Helping Memphis Recover After the Floods

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Helping Memphis Recover After the Floods:
 Disney TV Star and American Humane Association Hosting Hope Tour to Honor Memphis First Responders, Keep Children and Animals Safe & Bring Cheer, Financial Support and Supplies to Local Shelters
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 AHA continues relief work with 10 tips to keep children & animals safe after flood

WHAT:

After working on the ground in Memphis for several weeks rescuing animals affected by the floods and reuniting pets with their families, American Humane Association and Disney TV star and AHA National Ambassador Orlando Brown are launching a Hope Tour May 19-20 to honor Memphis’ valiant First Responders, and bring some sorely needed cheer, financial support, and supplies to area shelters, as well as expert tips to keep children and animals safe.

MEDIA EVENT:

On Thursday, May 19 from 9-11 am, AHA is hosting a country ham and biscuits “Community Heroes Appreciation Breakfast” for Memphis’ valiant First Responders. This will be followed by afternoon visits to local shelters and distribution of expert tips to help children and animals stay safe and cope after the floods.

WHO:

Disney TV Star, musician, and American Humane Association National Ambassador Orlando Brown. Mr. Brown, who has starred in “That’s So Raven” and many other TV shows and films, will favor local heroes with a song or two, and deliver some cheer, coloring books, and other supplies to displaced children and families.
                
President & CEO Dr. Robin Ganzert, Vice President of Emergency Services Debrah Schnackenberg, and other team members of the 134-year-old charity American Human Association, whose legendary Red Star Animal Emergency Services™ team traveled 1,000 miles with a convoy of rescue trucks to help Memphis’ animals. They and Mr. Brown will deliver a grant to a local shelter, visit with families and children, and provide expert tips on keeping children and animals safe.

Memphis’ Finest–The city’s police, firefighters, and other first responders who saved so many lives, both human and animal, through the dark days of the great flood of 2011.

WHERE Outside the 82-foot Red Star Rescue Rig at 1716 Shelby Oaks Drive North, Memphis, TN
WHEN Thursday, May 19 from 9:00-11:00 am

 

“Even superheroes need relief and recognition,” said Dr. Robin Ganzert, president and CEO of American Humane Association. “We’ve been working side by side with Memphis’ valiant first responders to save the lives of hundreds of people and animals. Now it’s time to refresh, regroup, and refocus on the task of rebuilding the community physically and emotionally. We’re proud to be a part of a 134-year effort to build safe, healthy, and humane communities for the voiceless and the vulnerable, and especially proud to work with the magnificent men and women who have done so much for the city of Memphis.”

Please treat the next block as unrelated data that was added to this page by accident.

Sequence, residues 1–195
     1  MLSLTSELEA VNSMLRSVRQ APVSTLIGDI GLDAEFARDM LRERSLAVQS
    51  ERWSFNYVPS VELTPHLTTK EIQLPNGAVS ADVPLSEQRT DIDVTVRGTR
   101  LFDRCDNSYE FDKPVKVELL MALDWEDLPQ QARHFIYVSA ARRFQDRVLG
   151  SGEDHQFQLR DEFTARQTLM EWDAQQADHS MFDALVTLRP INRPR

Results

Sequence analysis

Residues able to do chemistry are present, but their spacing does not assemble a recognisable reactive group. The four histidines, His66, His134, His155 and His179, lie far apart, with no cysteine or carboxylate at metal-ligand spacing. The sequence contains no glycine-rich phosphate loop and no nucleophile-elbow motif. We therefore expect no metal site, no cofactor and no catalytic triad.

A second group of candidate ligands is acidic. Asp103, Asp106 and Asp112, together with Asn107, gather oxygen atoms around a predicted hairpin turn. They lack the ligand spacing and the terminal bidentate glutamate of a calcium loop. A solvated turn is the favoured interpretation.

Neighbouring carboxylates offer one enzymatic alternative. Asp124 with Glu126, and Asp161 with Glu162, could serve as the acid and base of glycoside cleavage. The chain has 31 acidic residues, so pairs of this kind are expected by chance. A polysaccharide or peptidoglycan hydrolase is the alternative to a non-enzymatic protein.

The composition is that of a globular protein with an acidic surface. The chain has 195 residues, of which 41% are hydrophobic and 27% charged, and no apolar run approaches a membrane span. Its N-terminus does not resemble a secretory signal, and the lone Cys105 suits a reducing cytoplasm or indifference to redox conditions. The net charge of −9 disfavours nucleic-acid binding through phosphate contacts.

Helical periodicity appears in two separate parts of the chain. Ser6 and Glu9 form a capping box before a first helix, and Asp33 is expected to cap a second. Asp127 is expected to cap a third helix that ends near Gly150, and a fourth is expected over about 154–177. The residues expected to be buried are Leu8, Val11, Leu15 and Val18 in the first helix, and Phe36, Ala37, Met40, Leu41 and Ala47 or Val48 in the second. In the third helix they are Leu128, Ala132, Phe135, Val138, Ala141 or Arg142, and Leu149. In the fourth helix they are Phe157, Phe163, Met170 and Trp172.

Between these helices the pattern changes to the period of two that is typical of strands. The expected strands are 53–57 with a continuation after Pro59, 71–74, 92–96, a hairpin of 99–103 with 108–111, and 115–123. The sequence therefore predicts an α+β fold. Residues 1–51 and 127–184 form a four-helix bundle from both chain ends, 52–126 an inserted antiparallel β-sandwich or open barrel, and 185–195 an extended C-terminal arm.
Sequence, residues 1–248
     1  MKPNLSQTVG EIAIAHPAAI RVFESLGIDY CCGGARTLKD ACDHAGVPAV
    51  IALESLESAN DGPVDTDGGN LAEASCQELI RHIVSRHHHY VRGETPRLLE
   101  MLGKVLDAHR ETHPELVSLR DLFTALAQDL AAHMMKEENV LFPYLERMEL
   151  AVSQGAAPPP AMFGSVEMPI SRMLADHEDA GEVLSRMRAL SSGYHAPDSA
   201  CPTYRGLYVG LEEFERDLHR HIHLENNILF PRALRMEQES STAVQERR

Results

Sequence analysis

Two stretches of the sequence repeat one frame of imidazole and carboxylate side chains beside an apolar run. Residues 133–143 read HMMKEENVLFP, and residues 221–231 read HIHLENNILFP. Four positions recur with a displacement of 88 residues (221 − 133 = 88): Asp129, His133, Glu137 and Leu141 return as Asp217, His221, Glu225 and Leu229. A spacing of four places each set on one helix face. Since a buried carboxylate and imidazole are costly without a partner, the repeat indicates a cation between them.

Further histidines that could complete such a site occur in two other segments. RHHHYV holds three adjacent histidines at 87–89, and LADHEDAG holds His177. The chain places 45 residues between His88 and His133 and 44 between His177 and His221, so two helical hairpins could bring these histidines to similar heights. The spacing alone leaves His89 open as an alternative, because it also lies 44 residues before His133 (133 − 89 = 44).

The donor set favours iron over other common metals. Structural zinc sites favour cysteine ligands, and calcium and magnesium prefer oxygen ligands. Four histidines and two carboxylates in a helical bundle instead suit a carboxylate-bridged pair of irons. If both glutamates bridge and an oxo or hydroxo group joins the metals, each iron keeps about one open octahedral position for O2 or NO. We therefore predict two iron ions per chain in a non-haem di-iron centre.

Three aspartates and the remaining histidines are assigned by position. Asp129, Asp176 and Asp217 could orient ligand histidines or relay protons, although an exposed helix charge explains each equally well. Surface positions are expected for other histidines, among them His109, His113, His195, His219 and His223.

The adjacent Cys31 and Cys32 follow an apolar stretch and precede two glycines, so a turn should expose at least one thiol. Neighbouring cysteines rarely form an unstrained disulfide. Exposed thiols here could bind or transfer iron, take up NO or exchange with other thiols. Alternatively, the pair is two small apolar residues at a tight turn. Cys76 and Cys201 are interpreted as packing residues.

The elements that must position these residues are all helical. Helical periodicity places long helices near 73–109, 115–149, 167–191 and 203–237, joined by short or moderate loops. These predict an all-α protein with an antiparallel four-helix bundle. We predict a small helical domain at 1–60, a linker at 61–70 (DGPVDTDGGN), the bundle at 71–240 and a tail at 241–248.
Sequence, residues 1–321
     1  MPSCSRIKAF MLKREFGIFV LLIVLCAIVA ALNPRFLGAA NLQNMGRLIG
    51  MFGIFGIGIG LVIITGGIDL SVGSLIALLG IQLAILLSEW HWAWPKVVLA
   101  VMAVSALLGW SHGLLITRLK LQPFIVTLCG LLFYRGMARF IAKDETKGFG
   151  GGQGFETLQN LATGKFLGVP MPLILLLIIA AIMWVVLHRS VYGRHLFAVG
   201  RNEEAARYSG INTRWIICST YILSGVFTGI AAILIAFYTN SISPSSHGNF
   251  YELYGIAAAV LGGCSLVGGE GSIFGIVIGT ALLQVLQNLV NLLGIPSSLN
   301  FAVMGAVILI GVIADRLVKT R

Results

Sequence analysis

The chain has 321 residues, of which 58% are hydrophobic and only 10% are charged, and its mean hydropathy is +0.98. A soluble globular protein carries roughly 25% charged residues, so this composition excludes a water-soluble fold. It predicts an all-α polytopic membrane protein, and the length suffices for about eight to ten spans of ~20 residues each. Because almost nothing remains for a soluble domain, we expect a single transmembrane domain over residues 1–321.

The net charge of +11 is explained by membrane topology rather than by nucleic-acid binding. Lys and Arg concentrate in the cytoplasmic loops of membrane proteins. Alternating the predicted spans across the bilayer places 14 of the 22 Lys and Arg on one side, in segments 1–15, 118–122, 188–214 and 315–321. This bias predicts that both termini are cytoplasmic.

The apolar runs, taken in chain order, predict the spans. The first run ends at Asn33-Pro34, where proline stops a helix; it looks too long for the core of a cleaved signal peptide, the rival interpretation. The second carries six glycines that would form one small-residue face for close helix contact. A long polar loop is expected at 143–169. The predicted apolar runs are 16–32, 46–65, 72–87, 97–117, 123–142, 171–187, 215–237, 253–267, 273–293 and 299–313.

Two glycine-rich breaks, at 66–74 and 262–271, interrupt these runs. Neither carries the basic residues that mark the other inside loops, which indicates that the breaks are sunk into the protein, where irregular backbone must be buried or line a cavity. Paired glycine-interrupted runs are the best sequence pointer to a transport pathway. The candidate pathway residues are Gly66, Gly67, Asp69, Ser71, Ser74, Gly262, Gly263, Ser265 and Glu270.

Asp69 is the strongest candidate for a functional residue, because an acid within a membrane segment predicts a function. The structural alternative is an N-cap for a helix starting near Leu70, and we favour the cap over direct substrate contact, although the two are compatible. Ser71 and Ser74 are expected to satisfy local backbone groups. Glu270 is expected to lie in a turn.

“Memphis was sorely tested by the flood and though she emerged a little muddy, she also emerged victorious,” said Disney TV star and musician Orlando Brown. “As a new national ambassador for American Humane Association, I wanted to do my part to help good Memphis get back up on her feet, and through a song or two, put a spring back in her step. It’s an honor to be here among true heroes and I hope that better days will soon be here.”

RESOURCES & INTERVIEWS:  Disney TV star and AHA National Ambassador Orlando Brown, American Humane Association President and CEO Robin Ganzert, PhD, and other members of the volunteer team are available for on-site breakfast interviews Thursday from 9:00-11:00 am, and in studio other times Thursday and part of Friday to provide helpful tips on keeping kids and animals safe, and talk about the challenges in rebuilding a sense of normalcy following this disaster. 

** MEMPHIS RESCUE PHOTOS, VIDEOS, STATISTICS, STORIES AND 10 TIPS to keep your children and animals safe and help them cope with the aftermath of the flood are available: www.americanhumane.org/memphis

Background
American Humane Association received a request to deploy in partnership with the ASPCA (American Society for the Prevention of Cruelty to Animals), which received an official request from the Shelby County, Tenn. Office of Preparedness HLS/EMA and the Mayor of Memphis to address the massive flood.  The Red Star team in Memphis consisted of 15 staff and volunteers. Their 82-foot-long “Rescue Rig” emergency response vehicle is equipped with a mobile veterinary clinic, crisis supplies, and water rescue craft. A convoy of support vehicles including a 4-wheel-drive pickup and horse trailer accompanied the Rescue Rig to assist in land and water rescues. For more news about the Red Star team’s emergency work during disasters or to support their efforts to help communities and animals in crisis, please go to www.americanhumane.org .

About American Humane Association
Since 1877 American Humane Association has been at the forefront of virtually every major advance in protecting children, pets and farm animals. Today we’re also leading the way in understanding the human-animal bond and its role in therapy, medicine and society. American Humane Association reaches millions of people every day through groundbreaking research, education, training and services that span a wide network of organizations, agencies and businesses. You can help make a difference, too. Visit American Humane Association at www.americanhumane.org today.

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